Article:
The Dutch expertise in oncology is anything but new. In fact, the Netherlands was one of the first countries to have a specific cancer center: the Netherlands Cancer Institute (NKI). Founded in 1913, the NKI is now among the world’s best comprehensive cancer centers. Case in point, the Netherlands has a long history of oncology innovation, from NKI and Antoni van Leeuwenhoek Hospital to Organon’s 100-year legacy to stem cell pioneer Hans Clevers and Nobel Prize winner Ben Feringa.
Through innovative prevention, diagnosis and treatments, fostered in a connected and collaborative environment, the Netherlands is leading in oncology not just in Europe, but around the world.
And that’s not a biased statement. A recent study named the Netherlands as the second-best nation globally for cancer treatment, and the top in Europe. With more than 500 public-private partnerships in the country, a central location for R&D collaboration and accessibility for Europeans seeking treatment – as well as strong logistics to ease manufacturing and distribution internationally – the Netherlands ticks all the boxes. It’s no wonder that companies like Kite Pharma, SHINE Technologies and Bristol Myers Squibb (BMS) decided to expand to the Netherlands for their European business operations.
According to the World Health Organization (WHO), cancer is the leading cause of death worldwide. Prevention, early detection and effective treatment can help manage the otherwise devastating disease – and in support of these efforts stands the multifaceted Dutch oncology ecosystem. At a national level, the Netherlands conducts highly successful screening programs to detect various forms of cancer in the Dutch population.
When it comes to diagnosis and treatment, the Netherlands is on the forefront of innovation. Hands-on and open to innovation, researchers and doctors work together with companies in the Netherlands to focus on precision medicine, leveraging health data to curate treatment regimens for individual patients. For example, Hubrecht Organoid Technology (HUB) and Stem Cell Technologies are advancing personalized treatments and gene therapy through next-generation organoid technologies. In fact, organoid research partially originates in the Netherlands, thanks to Hans Clevers’ collaboration on the technology with Japanese researchers. Meanwhile, pan-European projects like EuCanImage and CHAIMELEON are tapping into Dutch AI expertise and knowledge institutions to build sophisticated imaging data platforms.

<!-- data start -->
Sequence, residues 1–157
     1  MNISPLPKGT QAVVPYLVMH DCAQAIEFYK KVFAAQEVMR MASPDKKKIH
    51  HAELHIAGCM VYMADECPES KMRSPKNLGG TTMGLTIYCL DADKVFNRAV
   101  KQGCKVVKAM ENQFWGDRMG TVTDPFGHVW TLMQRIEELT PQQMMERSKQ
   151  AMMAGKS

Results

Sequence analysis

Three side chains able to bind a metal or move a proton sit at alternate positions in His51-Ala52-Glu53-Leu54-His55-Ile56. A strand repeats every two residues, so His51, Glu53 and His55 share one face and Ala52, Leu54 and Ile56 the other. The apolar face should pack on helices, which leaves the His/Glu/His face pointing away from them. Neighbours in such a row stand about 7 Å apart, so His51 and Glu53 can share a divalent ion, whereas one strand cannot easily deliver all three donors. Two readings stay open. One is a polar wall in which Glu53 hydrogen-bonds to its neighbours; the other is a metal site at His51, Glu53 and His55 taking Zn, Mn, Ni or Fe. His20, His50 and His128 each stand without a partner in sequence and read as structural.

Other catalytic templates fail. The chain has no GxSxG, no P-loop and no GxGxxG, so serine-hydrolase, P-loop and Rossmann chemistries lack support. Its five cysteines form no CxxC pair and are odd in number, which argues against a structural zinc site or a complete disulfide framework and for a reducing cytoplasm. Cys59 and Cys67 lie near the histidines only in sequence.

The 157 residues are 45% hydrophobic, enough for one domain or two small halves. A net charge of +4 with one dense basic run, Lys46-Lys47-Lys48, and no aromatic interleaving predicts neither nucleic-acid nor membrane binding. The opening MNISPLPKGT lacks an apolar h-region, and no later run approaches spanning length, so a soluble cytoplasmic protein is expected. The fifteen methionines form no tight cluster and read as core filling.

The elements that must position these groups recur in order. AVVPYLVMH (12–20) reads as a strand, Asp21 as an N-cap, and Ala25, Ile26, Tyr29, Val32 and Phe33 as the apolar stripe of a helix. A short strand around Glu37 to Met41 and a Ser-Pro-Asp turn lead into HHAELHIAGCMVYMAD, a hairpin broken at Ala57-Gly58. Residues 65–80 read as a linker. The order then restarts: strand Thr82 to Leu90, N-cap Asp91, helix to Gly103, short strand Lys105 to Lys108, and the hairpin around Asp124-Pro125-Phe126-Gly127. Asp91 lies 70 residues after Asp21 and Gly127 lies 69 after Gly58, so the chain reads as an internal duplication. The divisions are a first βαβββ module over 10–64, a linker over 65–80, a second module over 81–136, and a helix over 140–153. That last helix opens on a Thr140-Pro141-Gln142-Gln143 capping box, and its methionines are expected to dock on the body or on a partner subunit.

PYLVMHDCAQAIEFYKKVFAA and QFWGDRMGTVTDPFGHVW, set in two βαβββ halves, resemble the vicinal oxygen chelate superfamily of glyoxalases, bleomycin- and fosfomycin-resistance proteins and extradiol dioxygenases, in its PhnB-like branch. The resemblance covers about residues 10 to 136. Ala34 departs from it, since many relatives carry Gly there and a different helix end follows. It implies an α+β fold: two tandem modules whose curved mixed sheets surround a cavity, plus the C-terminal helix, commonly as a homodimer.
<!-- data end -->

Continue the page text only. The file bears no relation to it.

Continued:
US-based Kite Pharma and Leiden UMC have entered into a research agreement to identify and develop T-cell receptor product candidates targeting tumors that are associated with HPV infection. Meanwhile, UMC Utrecht, Elekta and Philips are improving cancer treatment by determining exactly where tumors are located in patients during radiation therapy. The three have collaborated on MR-LINAC, a state-of-the-art cancer treatment that combines a radiotherapy accelerator with a diagnostic MRI, leading to more precise treatment. Finally, Crown Biosciences provides preclinical oncology drug development and validation services using HUB’s organoid technology.
The Netherlands is also pushing the envelope for nuclear medicine and proton therapies. The Netherlands has established itself as the largest medical isotope producer in the world, making it an ideal testing ground for nuclear innovation. The Dutch Isotopes Valley – a collaboration between URENCO, TU Delft and NRG – provides cutting-edge research in nuclear medicine. Other Dutch centers like Holland PTC, UMC Groningen and Maastricht UMC are fostering collaboration and research in the field of proton therapy to reduce the risk of side effects for cancer patients. These centers will continue to collaborate with newcomers like SHINE Technologies in the Netherlands.